A study on the effect of diet particle size got published!

I’m pleased to announce that the “particle size” project is officially published!  I inherited this dataset of bacterial 16S rRNA sequences in 2015, while working for the Yeoman Lab.  This collaborative project combined nutrition, animal production, and microbial ecology to look at the effect of diet particle size on lambs and their rumen bacteria. While small in size, the project was large in scope – despite everything we know about how different diet components encourage different microbial communities to survive in the digestive tract, we know practically nothing about how the size of the particles in that diet might contribute.

Ruminants, like sheep, goats, cows, deer, moose, etc.,  have a four-chambered stomach, the largest of which is called the rumen.  The rumen houses symbiotic microorganisms which break down plant fibers that the animal can’t digest on its own.  It’s estimated that up to 80% of a ruminant’s energy need is met from the volatile fatty acids (also called short-chain fatty acids) that bacteria produce from digesting fiber, and that up to 85% of a ruminant’s protein need is met from microbial proteins.

A lot of factors can be manipulated to help get the most out of one’s diet, including adjusting ingredients for water content, palatability, ease of chewing, and how easy the ingredients are to digest.  For example, highly fibrous foods with larger particles/pieces require more chewing, as well as a longer time spent in the rumen digesting so that microorganisms have plenty of time to break the chemical bonds of large molecules.  Smaller food particles can reduce the time and effort spent chewing, allow for more surface area on plant fibers for microorganisms to attach to and digest faster, and speed up the movement of food through the digestive tract.  On the other hand, moving food too quickly could reduce the amount of time microorganisms can spend digesting, or time the ruminant can absorb nutrients across their GI tract lumen, or cause slow-growing microbial species to wash out.

Pelleted-hay alfalfa feed increases sheep wether weight gain and rumen bacterial richness over loose-hay alfalfa feed.

Suzanne L. Ishaq1, Medora M. Lachman2, Benjamin A. Wenner3, Amy Baeza2, Molly Butler2, Emily Gates2, Sarah Olivo1, Julie Buono Geddes2, Patrick Hatfield2, Carl J. Yeoman2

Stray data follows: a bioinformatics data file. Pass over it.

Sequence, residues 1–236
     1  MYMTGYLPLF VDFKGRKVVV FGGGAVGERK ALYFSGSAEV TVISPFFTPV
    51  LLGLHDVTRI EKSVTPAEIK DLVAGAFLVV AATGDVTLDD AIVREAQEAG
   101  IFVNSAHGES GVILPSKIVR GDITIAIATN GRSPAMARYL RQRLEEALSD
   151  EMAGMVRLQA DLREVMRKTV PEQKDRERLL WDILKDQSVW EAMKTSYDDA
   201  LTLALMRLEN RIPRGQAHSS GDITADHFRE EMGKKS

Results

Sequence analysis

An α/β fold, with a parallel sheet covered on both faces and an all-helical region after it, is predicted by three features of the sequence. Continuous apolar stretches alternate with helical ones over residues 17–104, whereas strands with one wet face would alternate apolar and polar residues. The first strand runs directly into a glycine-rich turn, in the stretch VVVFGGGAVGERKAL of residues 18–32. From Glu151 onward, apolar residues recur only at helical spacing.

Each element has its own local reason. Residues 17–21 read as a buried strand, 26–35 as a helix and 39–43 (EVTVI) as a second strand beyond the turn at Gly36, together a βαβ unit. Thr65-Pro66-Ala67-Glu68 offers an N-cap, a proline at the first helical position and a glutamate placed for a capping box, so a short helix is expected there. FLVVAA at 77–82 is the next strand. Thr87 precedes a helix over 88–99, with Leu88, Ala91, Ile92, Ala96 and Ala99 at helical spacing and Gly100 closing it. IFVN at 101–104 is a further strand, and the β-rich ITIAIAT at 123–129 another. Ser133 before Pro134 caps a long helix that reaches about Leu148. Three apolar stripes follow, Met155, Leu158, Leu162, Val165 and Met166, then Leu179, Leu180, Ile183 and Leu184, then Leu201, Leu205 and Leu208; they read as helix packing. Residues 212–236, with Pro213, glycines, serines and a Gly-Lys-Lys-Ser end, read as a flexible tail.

1. Biology and the Built Environment Center, University of Oregon, Eugene, Oregon, United States of America
  2. Department of Animal and Range Sciences, Montana State University, Bozeman, Montana, United States of America
  3. Department of Animal Sciences, The Ohio State University, Columbus, Ohio, United States of America


Diet composed of smaller particles can improve feed intake, digestibility, and animal growth or health, but in ruminant species can reduce rumination and buffering – the loss of which may inhibit fermentation and digestibility.  However, the explicit effect of particle size on the rumen microbiota remains untested, despite their crucial role in digestion.  We evaluated the effects of reduced particle size on rumen microbiota by feeding long-stem (loose) alfalfa hay compared to a ground and pelleted version of the same alfalfa in yearling sheep wethers during a two-week experimental period.  In situ digestibility of the pelleted diet was greater at 48 h compared with loose hay; however, distribution of residual fecal particle sizes in sheep did not differ between the dietary treatments at any time point (day 7 or 14).  Both average daily gain and feed efficiency were greater for the wethers consuming the pelleted diet.  Observed bacterial richness was very low at the end of the adaptation period and increased over the course of the study, suggesting the rumen bacterial community was still in flux after two weeks of adaptation.  The pelleted-hay diet group had a greater increase in bacterial richness, including common fibrolytic rumen inhabitants. The pelleted diet was positively associated with several Succiniclasticum, a Prevotella, and uncultured taxa in the Ruminococcaceae and Rickenellaceae families and Bacteroidales order. Pelleting an alfalfa hay diet for sheep does shift the rumen microbiome, though the interplay of diet particle size, retention and gastrointestinal transit time, microbial fermentative and hydrolytic activity, and host growth or health is still largely unexplored.

Symposium presentation at 2019 Joint AFS-TWS Meeting

I’m excited to announce that I’ll be giving a presentation at the American Fisheries Society and The Wildlife Society 2019 Joint Annual Conference this September. I was invited to participate in a symposium: Utility of Microbiomes for Population Management. I’ll be returning to my roots and presenting on moose microbes. See you in Reno!

Abstract 36407 – “Moose Rumen Microbes and Their Relevance to Agriculture and Health”

Spring Updates

Continuously in science, you find yourself with more ideas than you can possibly put into action, and more tasks on your daily to-do list than you can possibly complete in one day. Spring has been, predictably, busier than anticipated – so much so that I haven’t posted in over a month! Here are some of the highlights, and I hope to be posting more over the summer as papers get published and courses get taught.

Over the past few months I’ve been focusing on wrapping old projects; those large and small things that carry over even after a scientific position has run out of funds to pay you. Scientific research, and especially the interpretation and writing of results, takes a long time and often outlives short-term student, post-doc, or non-tenured faculty postings. Eventually everyone who collaborated on a project has moved on and it is increasingly more difficult to finalize and publish that work. And, most of the undergraduate students I’ve been working with at BioBE are graduating in June and need to finish their projects so they can cleanly begin the next phase of their life.